My title seemed appropriate, since I’m returning to the blog at last. Not that I ever intended to abandon it – I’ve even had this topic in mind for two weeks already! – but life (read: grading) got in the way and stole my time and my energy.
Luckily, I’ve been recuperating during the Memorial Day weekend, plus one of the grades I teach has headed off to France for a school trip, so I suddenly have some free moments again. Of course, I’ve not been solely working for four weeks, but even when a spare hour popped up here and there, I decided that it should be given to editing rather than blogging. One of my goals for this summer is to send out agent queries again, so I need to have The Art of Dying completely ready to go.
The good news, though, is that now I should have the time to edit and blog, and so my writing life can return to its normal balance – always a pleasant thought. I appreciate the usual structure of my days and feel discombobulated when that structure gets sabotaged somehow.
Another thing that has been contributing to the business is my kitten.
|Even grass is new to a little kitten!|
One just can’t ignore the existence of the small, plaintively mewing creature, after all. However, I can’t blame her too much, because she gave me the inspiration for this very post. A couple of weeks ago, you see, I was finishing my Pilates routine in the garage. Due to the allergies of people in the house, Spinoza has to be an outdoor cat, which means that I’m suddenly moving a lot of activities to the garage, so that I can keep an eye on her while she plays in the yard. Exercise is no exception.
Well, Spinoza is at the stage which all young animals, even human ones, pass through, where they feel the need to touch and smell and sometimes bite everything that comes their way. I was exercising on an old pink sheet, cushioned with a towel, and Spinoza was bouncing around the corner of the sheet, batting at the loose threads and jumping six inches in the air to escape the possible dangers of pink cotton. She would dab at it, shake it in her teeth, leap away with her back up, dash back to attack again. Obviously she was discovering at once what the sheet was and how she herself should react to it as a cat.
It occurred to me, watching her, that we all spend much of our lives reacting to things in a similar fashion.
|We get as bored as this donkey!|
When new ideas and activities and hobbies pop up, we dabble and get interested, get discouraged and run away, drift back and try again, until finally the new thing is old and comfortable and part of us. The process is inevitable. In a way it’s a bit sad, because we have a desire for novelty built into our human nature, and to have the new thing which once disarmed and delighted us transform into old hat is disappointing. On the other hand, if we did not go through the cycle of discovery and mastery, we’d never be more than will o’ the wisps, with nothing to ground us in our own lives.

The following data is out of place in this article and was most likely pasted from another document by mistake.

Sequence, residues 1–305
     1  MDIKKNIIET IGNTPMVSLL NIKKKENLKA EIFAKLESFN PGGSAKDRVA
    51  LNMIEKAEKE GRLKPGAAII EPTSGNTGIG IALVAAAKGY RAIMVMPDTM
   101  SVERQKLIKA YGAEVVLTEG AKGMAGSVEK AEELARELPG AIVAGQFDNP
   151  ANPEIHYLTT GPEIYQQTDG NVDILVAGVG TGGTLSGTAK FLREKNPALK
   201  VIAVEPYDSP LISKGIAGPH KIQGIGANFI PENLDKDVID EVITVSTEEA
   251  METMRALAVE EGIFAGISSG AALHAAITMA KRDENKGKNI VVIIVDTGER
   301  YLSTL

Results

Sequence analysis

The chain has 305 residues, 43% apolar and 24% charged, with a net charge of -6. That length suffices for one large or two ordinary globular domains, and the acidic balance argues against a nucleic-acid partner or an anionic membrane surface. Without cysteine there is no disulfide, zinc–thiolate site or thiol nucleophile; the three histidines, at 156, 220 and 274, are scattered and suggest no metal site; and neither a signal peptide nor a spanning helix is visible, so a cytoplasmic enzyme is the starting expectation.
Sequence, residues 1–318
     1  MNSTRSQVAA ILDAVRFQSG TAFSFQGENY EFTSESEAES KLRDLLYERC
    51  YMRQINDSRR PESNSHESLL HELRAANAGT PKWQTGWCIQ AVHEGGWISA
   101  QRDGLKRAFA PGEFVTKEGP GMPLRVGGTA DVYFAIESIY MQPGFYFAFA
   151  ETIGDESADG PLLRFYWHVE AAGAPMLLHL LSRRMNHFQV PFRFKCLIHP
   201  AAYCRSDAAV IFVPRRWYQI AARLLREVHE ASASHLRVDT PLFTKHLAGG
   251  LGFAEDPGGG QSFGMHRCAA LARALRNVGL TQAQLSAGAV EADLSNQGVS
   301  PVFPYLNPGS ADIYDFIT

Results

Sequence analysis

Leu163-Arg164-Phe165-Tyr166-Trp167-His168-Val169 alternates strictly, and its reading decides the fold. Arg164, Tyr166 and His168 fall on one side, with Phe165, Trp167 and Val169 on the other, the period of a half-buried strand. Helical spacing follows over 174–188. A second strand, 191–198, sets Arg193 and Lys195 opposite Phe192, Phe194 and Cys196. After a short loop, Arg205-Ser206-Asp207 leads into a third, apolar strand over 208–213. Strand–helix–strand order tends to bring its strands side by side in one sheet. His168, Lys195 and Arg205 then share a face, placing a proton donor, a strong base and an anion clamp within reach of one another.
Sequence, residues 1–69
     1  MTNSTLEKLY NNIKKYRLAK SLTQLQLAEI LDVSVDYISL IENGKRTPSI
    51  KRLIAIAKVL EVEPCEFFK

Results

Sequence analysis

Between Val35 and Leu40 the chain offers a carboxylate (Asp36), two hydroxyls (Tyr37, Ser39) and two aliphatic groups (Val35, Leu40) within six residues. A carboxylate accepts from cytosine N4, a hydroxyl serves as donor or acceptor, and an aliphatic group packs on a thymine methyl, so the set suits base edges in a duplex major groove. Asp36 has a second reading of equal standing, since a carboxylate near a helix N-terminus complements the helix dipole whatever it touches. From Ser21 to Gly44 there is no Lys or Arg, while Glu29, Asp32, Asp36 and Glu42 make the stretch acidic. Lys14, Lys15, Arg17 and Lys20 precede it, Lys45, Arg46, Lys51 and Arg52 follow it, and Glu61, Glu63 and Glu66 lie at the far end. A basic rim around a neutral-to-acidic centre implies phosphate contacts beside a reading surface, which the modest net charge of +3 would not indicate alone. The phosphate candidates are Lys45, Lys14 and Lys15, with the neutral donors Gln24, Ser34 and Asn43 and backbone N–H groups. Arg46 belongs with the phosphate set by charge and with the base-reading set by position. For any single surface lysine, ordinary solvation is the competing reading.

The problem, however, is that we can become jaded. A new experience beckons and we say, ‘Well, it will be a lot of trouble to get involved in that, and then it will eventually lose its excitement, so why even bother?’ It’s easy to stick with what you’ve already mastered.
This complacency becomes a temptation for many creative people, I believe.
For example, I remember reading the Redwall series when I was younger and a fantasy fanatic. I ate up the adventurous stories with gusto – even read every book several times. Even then, though, as just a normal, inattentive 13-year-old, I noticed that each book had the same basic format. The hero was always unexpected; the villain was always utterly over-the-top; there was always a liberal sprinkling of idyllic feasts interrupted by betrayal, followed by terrible battle. Obviously that format worked for Brian Jacques, but it also meant that I ran out of interest in the series within two or three years. They became too predictable.
Of course all of us would say that we would rather die than be predictable, but sometimes, in the end, it’s simpler to settle back into our usual creative routine. Sometimes we’ve got to let the young side out, though – the part which is like my kitten and dashes around in a frenzy of discovery, at once intimidated and triumphant, coming to terms with the huge world in which we live. Each project we undertake should be a new experience in some way.
|Nature renews the old each year!|
Of course, that doesn’t mean that we have to abandon hobby after hobby, job after job, idea after idea.
Instead, it’s my thought that we have to cultivate a new way of approaching the old things. Don’t lose them to familiarity, in other words. Avoid the contempt and boredom that come with too much of the same-ol’-same-ol’. Each thing we do can be rejuvenated and renovated. If you’re a writer like me, perhaps you can write a poem instead of a short-story, or a 1st person narrative instead of a 3rd person. If you’re a cook, perhaps you can use all the ingredients from Italian cooking for a Thai dish instead. The options are endless.
It’s a sort of art form in itself to transform the old into the new and to conquer the danger of boredom. Everyone fails occasionally, and gets stuck in a rut, but if we at least cultivate a point of view which warns us of impending complacency, we can always catch ourselves before getting lost in ennui. A life of weariness with everything is a dreadful prospect, so the extra energy spent in continually reviving our actions and habits seems very worth it.